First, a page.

Amnesty Int’l: Tskhinvali Authorities Must Stop Persecuting Outspoken Journalists

Amnesty International, a London-based international human rights organization stated in its statement of April 8 that Moscow-backed authorities in Tskhinvali Region/South Ossetia “must stop any “criminal” proceedings against two local outspoken journalists, Tamara Mearakishvili and Irina Kelekhsaeva.”

The watchdog said Tskhinvali authorities “should refrain from using any other retaliatory measures against these and any of their critics and ensure that any person in South Ossetia/Tskhinvali Region is able to exercise their right to freedom of expression, without harassment, intimidation, risk to personal freedom and fear of any reprisals.”

The Case of Mearakishvili

Tamara Mearakishvili is an ethnic Georgian journalist in Akhalgori, ethnic Georgian majority district in Tskhinvali region. She “has been outspoken on various social and economic problems that her community is facing and has often criticised the de facto authorities on issues of corruption, human rights and governance,” noted Amnesty.

According to the watchdog, Tskhinvali authorities “charged” Mearakishvili with the crime of defamation in 2017. She was then detained and accused of the “crime” of defaming the ruling party of the region. The pretext was her comments published online by Ekho Kavkaza in April 2017. In her comments, Mearakishvili alleged political favoritism and exploitative practices by the ruling party members in Akhalgori including harassment of personnel at the local hospital.

Mearakishvili was also accused of the acquisition and use of false documents in 2018. Namely, Tskhinvali authorities accused her of “illegally obtaining the citizenship of South Ossetia”, by means of acquiring and using false documents, and in particular not disclosing to the region’s authorities that she still possessed Georgian citizenship.

Amnesty International said “effective criminalisation of possessing Georgian citizenship in the territory of South Ossetia/Tskhinvali Region violates international human rights law.”

In 2019, Mearakishvili’s case was heard at a local court, which acquitted her of all charges. However, in January 2020, the region’s “supreme court” overturned her acquittal on charges of acquisition and use of false documents and returned the case to the first instance court for retrial. Besides, in January 2020 Tskhinvali’s top court upheld her acquittal on the charges on defamation, however, the other charges against Mearakishvili are still open.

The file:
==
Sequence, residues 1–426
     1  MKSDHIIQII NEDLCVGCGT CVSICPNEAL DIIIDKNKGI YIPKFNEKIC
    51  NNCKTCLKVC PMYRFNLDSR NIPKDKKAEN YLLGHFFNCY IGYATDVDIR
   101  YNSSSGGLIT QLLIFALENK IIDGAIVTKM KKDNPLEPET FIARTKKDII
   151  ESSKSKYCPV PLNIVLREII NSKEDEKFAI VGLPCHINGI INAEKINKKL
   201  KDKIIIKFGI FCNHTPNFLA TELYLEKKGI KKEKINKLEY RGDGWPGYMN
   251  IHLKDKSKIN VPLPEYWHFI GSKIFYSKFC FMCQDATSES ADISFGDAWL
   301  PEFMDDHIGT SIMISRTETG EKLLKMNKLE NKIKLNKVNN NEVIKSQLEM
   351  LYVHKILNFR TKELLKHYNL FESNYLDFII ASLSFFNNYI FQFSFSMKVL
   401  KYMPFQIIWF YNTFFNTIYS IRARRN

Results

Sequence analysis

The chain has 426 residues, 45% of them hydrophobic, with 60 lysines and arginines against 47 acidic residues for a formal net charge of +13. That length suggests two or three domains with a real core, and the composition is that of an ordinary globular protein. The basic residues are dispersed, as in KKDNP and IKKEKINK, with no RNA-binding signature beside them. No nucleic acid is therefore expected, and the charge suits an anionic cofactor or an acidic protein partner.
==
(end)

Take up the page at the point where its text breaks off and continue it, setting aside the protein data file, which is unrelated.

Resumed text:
Amnesty said “there are no grounds for criminal proceedings against Tamara Mearakishvili, and the de facto authorities’ sole purpose is to silence her.”

The case of Irina Kelekhsaeva

Kelekhsaeva is a journalist in the town of Tskhinvali working for Ekho Kavkaza, a project of Radio Free Europe/Radio Liberty. According to Amnesty International, in December 2019, the region’s “minister of justice” sued Kelekhsaeva for defamation for her publication on the worsening conditions and ill-treatment in prisons in Tskhinvali Region, including beatings of inmates that led to a hunger strike.

Amnesty said that as the head of the region’s “justice ministry,” which is in charge of the penitentiary system, Tskhinvali ”justice minister” alleged that Kelekhsaeva was disseminating defamatory information about her.

In February 2020, a local judge looked into the case and decided that Tskhinvali’s prosecutor general’s office should determine whether to initiate criminal processing against Irina Kelekhsaeva under the Criminal Code of the Russian Federation. If found guilty, Kelekhsaeva may face a fine up to USD 6,000.

International human rights organization said Tskhinvali authorities must immediately drop all “charges” against Mearakishvili and Kelekhsaeva and “ensure that they can freely exercise their rights to freedom of expression and perform their professional duties as journalists.”

Amnesty International regretted that freedom of expression is suppressed in the Moscow-backed region and that “the climate of fear and intimidation is widespread.”

The rights watchdog said it has received “anecdotal evidence of the de facto authorities contacting private individuals who have shared a critical article on Facebook or even liked a critical post.”

“There have also been reports that the de facto [Tskhinvali] authorities have been harassing university teachers in the region, threatening them with dismissals if they dare to criticise the authorities,” added Amnesty International.

This post is also available in: ქართული (Georgian) Русский (Russian)


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